Businesses Taking Action

This project explores the relationships between local businesses, consumers, and ecosystems, creating a sustainable community for the future.

Diagram created by Gabriela Safay 2020

View Participating Businesses

Take the Survey Here! 

-Business Action Flyer – Please print and share this flyer to help promote the project!

Project Created by Gabriela Safay 2020

Updates by Sophia Gulbransen 2023


Project Description

In an increasingly globalized market, companies play a vital role in every aspect of modern life. SOCAN’s Business Action Survey provides a platform for businesses to report on how their behavior positively affects the social and environmental health of communities in Southern Oregon. Based on research gathered from existing frameworks and theories about corporate social responsibility, this survey allows businesses engaged in sustainable behavior to demonstrate that behavior and promote their actions/efforts through SOCAN.

Businesses will answer questions to the best of their ability. Answers will then be posted on SOCAN’s website.

Economic growth and environmental sustainability do not have to be opposing forces. This project aims to support the businesses that are acknowledging this reality and moving forward with intention.

The survey is broken into two parts- Environmental Action and Social Action

Environmental Action

According to the Ellen MacArthur Foundation, 80% of environmental impacts among businesses come from preventable waste based on design flaws and old models. This survey places a focus on waste-management and commitments towards minimizing or regenerating waste along the supply chain. Businesses should reflect on their overall environmental stewardship, and how it is incorporated into the company’s goals and missions. Goals are more likely to be achieved when there are specific targets in place, especially when effectively communicated to the entire workforce and supply chain. Additionally, when environmental performance is evaluated thoroughly, companies are more likely to account for negative impacts and set future targets to mitigate them. Direct engagement with the local ecosystems, as well as employee training and workshops, go above and beyond what is expected and contribute to a higher level of stewardship.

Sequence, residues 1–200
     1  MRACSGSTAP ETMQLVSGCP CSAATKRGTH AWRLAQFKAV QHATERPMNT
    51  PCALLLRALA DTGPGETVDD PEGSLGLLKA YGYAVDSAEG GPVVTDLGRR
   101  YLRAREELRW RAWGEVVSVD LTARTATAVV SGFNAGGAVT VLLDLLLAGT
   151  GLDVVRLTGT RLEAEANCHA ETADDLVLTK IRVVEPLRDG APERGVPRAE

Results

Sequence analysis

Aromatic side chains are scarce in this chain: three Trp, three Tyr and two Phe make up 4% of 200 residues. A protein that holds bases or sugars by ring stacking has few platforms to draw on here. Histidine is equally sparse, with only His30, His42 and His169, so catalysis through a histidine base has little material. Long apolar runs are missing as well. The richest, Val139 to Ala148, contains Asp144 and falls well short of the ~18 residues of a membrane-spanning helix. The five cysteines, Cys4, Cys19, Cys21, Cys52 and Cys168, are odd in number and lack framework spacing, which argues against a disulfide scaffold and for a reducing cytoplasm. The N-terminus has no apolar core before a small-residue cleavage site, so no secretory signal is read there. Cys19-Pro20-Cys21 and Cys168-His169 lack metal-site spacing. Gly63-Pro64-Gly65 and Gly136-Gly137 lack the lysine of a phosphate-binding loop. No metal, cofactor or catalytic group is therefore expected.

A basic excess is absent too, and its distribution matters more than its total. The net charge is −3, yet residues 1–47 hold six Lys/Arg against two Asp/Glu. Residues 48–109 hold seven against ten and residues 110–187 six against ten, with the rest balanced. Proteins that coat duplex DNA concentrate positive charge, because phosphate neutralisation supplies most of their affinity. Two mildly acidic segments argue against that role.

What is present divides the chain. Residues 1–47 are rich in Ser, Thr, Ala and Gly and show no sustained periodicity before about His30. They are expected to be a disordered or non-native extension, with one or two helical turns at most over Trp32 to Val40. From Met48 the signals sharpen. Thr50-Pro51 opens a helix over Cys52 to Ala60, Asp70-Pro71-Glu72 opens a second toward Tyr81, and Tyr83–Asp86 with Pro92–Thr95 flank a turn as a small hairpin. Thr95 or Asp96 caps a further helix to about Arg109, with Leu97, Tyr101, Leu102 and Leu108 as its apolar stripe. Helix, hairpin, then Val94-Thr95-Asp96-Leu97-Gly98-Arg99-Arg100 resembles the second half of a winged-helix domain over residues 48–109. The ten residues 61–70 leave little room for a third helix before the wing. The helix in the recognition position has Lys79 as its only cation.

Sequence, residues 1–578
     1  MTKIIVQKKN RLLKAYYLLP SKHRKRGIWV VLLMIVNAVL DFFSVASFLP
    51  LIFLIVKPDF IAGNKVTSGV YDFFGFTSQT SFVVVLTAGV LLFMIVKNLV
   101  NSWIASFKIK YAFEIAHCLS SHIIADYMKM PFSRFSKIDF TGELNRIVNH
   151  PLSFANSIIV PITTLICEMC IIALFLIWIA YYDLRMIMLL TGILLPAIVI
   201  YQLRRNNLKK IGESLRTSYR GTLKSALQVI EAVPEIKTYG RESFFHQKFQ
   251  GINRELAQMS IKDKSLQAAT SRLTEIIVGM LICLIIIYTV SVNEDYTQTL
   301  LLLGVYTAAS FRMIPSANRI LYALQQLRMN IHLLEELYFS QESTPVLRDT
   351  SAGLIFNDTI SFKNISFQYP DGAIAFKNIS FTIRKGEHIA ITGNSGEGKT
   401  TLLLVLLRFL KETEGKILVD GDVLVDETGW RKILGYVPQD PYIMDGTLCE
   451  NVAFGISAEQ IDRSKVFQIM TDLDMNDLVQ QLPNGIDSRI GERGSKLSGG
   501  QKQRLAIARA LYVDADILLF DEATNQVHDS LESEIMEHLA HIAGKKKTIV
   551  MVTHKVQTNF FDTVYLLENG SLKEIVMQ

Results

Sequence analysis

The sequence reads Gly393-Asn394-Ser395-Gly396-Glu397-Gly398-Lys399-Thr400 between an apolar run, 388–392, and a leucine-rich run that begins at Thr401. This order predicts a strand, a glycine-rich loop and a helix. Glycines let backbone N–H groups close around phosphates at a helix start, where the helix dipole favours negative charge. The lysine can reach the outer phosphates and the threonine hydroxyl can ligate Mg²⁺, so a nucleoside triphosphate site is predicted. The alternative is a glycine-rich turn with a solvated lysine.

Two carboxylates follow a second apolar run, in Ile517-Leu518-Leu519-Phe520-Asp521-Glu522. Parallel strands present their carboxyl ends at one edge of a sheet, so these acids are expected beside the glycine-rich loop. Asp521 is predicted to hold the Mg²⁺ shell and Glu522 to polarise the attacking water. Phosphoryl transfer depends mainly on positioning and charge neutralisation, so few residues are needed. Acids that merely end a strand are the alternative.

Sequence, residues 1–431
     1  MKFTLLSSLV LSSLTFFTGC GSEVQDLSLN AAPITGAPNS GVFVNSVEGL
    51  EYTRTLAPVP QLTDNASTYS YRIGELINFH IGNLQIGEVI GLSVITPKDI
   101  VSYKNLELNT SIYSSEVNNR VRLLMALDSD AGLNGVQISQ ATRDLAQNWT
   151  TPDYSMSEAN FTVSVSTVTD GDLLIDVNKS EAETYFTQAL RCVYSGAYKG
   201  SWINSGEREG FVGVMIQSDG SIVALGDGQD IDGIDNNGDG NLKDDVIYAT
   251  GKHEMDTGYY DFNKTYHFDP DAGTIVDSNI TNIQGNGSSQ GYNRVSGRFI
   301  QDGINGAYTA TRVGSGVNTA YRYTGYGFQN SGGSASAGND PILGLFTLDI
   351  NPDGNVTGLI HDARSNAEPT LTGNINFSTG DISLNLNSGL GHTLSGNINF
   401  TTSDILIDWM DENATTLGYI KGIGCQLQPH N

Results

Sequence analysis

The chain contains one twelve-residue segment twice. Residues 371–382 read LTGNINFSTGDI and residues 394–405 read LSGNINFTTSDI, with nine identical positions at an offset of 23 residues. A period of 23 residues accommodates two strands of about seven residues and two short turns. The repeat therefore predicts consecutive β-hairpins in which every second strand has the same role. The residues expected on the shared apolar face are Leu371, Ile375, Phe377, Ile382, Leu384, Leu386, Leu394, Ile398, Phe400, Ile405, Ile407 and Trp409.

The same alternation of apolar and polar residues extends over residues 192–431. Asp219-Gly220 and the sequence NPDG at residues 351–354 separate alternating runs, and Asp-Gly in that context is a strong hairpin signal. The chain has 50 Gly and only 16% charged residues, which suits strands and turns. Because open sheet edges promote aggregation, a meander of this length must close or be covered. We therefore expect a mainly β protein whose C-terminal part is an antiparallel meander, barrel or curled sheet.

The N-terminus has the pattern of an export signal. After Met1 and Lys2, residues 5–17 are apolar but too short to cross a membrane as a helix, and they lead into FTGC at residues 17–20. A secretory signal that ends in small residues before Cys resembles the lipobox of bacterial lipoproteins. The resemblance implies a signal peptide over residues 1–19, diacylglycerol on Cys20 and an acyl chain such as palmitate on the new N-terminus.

Social Action

Social sustainability is often overlooked but is just as important as environmental sustainability for the health of the ecosystem. Social business activities include the health, wellbeing, diversity, and inclusion of the workforce, engagement with community members, philanthropic action, fair labor practices, and more. Social injustices and climate change are directly connected and often feed off of one another, and climate change is proven to disproportionately affect underrepresented communities. Businesses can help mitigate this by engaging in social action, and consumers can help by buying from and uplifting minority-owned businesses. 

Click here to view BASE Oregon’s directory of local Black-owned businesses

Project Goals

  • Identify businesses making a positive impact. 
  • Provide a resource for consumers to more effectively vote with their dollar and know that they are supporting businesses that align with their values.
  • Increase the demand for ethical and transparent business behavior in Southern Oregon.
  • Encourage businesses to set future targets for social and environmental stewardship.
  • Support local businesses taking action.
  • Encourage buying local.
  • Highlight BIPOC and LGBTQ+-owned businesses.
  • Shape a future where business accountability is not only encouraged, but expected.
  • Promote a safe and equitable society for underserved community members.

To hear more about the project, listen to an interview with project leaders Gabriela Safay and Kathy Conway on the Jefferson Exchange: Getting Local Businesses Engaged In Reversing Climate Change on the Jefferson Exchange.

Sources Used

Braungart, Michael, Cradle To Cradle: Remaking The Way We Make Things. New York: North Point Press, 2002.

Carroll, A.B. Carroll’s pyramid of CSR: taking another look. Int J Corporate Soc Responsibility 1, 3 (2016).

Spence, L. (2016). Small Business Social Responsibility: expanding core CSR theory.Business

and Society.

Visser, W. The Age of Responsibility: CSR 2.0 and the New DNA of Business

for further inquiries contact